two shape outlines, one white and one filled with yellow

A path is a set of instructions describing a shape. The example above shows you stroking the path on the left with a black line. The path on the right has been stroked with black and filled in with orange.

Using Core Graphics, you can also stroke or fill a path with a pattern. The example below shows a colored pattern filling out a path:

Drawing filled with pattern of colored squares

Setting up the Pattern

You set up a pattern by doing the following:

  1. Write a method that draws an individual pattern cell.
  2. Create a pattern with parameters that include how to draw and place an individual cell.
  3. Define the color information that your pattern will use.
  4. Paint the desired path with the pattern you created.

Now, check out a slightly different pattern cell with extra padding. The thin black border shows the bounds of the cell:

Pattern cell with blue, pink, green and red squares

You will write a draw method that draws within the bounds of the cell. Core Graphics clips anything drawn outside the cell bounds. Core Graphics also expects you to draw the pattern cell exactly the same way each time.

Your draw method can apply color when setting up your pattern cell. This is a colored pattern. An uncolored or masking pattern is one where you apply the fill color outside of the draw method. This gives you the flexibility to set up your pattern colors where it makes sense.

Core Graphics calls your draw method repeatedly to set up your pattern. The pattern creation parameters define what the pattern looks like. The example below shows a basic repeated pattern with the cells lining up right next to each other:

Repeated pattern cell

You can specify the spacing between the pattern cells when you configure the pattern:

Repeated pattern cell with offset

You can also apply transformations to change the pattern’s appearance. The pictures below show the pattern drawn inside a space represented by the fuzzy border:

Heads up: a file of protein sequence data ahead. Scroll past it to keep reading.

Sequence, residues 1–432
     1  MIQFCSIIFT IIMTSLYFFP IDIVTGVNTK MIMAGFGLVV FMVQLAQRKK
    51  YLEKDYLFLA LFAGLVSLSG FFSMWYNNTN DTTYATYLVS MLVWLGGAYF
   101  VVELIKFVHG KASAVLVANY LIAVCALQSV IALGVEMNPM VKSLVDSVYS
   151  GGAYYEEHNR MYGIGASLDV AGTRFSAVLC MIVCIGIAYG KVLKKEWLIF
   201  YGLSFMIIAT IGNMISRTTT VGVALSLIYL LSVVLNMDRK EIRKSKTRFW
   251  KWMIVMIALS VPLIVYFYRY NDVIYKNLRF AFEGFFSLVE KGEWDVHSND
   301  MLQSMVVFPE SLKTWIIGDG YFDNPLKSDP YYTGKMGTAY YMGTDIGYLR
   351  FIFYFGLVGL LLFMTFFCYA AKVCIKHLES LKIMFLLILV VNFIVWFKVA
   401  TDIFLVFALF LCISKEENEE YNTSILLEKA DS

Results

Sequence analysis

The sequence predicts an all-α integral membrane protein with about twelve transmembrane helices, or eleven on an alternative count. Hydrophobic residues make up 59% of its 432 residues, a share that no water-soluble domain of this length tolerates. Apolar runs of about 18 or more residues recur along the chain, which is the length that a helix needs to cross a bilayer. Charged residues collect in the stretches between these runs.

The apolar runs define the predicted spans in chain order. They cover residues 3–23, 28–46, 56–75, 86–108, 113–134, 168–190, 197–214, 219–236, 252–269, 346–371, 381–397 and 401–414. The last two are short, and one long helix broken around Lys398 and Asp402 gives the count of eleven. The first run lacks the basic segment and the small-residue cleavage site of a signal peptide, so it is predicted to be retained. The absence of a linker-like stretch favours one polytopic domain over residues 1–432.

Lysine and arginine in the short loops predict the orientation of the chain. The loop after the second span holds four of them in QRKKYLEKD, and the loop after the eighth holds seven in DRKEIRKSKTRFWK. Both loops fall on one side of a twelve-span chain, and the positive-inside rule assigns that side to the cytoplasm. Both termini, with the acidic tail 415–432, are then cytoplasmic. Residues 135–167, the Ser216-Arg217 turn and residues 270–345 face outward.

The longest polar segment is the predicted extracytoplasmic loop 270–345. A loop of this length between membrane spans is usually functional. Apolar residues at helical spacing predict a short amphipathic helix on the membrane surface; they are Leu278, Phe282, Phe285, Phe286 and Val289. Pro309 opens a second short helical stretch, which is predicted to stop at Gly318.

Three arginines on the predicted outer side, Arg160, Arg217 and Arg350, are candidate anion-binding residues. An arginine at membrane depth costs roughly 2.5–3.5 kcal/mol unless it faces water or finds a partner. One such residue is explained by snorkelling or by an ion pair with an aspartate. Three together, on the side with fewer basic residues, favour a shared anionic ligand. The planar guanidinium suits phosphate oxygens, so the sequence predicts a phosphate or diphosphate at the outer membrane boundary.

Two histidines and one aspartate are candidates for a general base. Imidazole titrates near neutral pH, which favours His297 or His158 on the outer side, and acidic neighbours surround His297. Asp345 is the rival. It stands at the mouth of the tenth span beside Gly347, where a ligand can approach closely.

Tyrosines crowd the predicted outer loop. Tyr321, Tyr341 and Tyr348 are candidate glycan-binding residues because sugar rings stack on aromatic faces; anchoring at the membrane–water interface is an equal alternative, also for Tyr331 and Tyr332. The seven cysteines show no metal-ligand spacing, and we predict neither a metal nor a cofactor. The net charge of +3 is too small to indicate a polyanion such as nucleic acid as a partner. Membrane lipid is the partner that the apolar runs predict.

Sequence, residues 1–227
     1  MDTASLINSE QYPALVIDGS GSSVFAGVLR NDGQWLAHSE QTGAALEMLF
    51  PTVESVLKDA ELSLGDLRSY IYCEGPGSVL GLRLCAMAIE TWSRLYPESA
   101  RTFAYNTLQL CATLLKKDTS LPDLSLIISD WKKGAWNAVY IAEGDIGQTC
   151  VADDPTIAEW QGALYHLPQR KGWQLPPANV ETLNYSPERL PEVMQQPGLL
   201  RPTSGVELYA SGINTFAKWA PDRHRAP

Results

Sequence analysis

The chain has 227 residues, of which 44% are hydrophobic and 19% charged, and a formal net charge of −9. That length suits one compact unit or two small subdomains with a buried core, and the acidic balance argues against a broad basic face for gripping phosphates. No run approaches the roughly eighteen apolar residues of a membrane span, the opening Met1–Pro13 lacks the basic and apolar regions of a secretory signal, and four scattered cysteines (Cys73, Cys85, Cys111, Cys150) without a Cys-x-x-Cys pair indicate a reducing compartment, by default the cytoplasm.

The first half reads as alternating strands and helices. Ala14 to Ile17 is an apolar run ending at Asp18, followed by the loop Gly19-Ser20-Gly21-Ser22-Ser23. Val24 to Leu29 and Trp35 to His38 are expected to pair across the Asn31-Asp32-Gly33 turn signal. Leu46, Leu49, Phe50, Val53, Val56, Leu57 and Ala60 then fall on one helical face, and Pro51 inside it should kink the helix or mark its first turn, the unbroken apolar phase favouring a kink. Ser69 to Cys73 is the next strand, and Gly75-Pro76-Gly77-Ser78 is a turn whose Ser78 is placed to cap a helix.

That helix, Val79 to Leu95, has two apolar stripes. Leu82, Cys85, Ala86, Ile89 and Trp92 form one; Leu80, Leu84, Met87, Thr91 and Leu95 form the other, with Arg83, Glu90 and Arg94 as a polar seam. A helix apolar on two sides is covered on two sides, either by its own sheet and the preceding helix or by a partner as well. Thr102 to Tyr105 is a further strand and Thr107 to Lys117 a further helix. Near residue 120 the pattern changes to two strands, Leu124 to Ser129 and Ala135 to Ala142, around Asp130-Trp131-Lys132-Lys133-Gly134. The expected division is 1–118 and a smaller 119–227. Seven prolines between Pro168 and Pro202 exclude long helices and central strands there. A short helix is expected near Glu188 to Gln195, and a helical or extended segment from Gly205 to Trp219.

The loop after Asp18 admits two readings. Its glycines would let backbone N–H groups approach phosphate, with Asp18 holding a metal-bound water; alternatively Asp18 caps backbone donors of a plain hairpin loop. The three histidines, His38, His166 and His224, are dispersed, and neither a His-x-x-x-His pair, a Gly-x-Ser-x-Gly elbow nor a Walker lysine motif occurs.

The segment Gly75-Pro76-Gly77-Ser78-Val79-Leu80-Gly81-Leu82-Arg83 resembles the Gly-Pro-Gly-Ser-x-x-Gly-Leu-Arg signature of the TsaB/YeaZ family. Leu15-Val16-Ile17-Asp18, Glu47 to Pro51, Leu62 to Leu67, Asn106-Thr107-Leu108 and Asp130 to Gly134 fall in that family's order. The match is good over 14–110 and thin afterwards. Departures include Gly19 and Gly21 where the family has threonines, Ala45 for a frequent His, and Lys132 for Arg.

three variations of the repeated pattern cell

The first shows an unchanged pattern. In the second, you see a translated pattern. The third shows the pattern rotated. Again, the black border around the pattern cells highlights its bounds.

You have a lot of options available when configuring a pattern. You’ll start putting all this together in the next section.

Creating the Pattern View

Add the following code before the view controller class in PatternView.playground:

class PatternView: UIView {
  override func draw(_ rect: CGRect) {
    // 1
    guard let context = UIGraphicsGetCurrentContext()
    else { return }
    // 2
    // 3

This represents the custom view for your pattern. Here, you override draw(_:) to do the following:

  1. Get the view’s graphics context.
  2. Set the current fill color for the context.
  3. Fill the entire context with the current fill color.

Think of the graphics context as a canvas you can draw on. The context contains information such as the color that will fill in or stroke a path. You can draw out paths in your canvas before painting them in with a context’s color information.

Inside MyViewController, replace the code in loadView() related to label with the following:

let patternView = PatternView()
patternView.frame = CGRect(x: 10, y: 10, width: 200, height: 200)

This creates an instance of the pattern view, sets its frame and adds it to view.

Press Shift-Command-Return to run the playground. The previous label is gone and replaced with an orange subview:

Orange square in the top left corner

Coloring is just the beginning of the journey. You know there’s more where that came from!

Raze face bring it on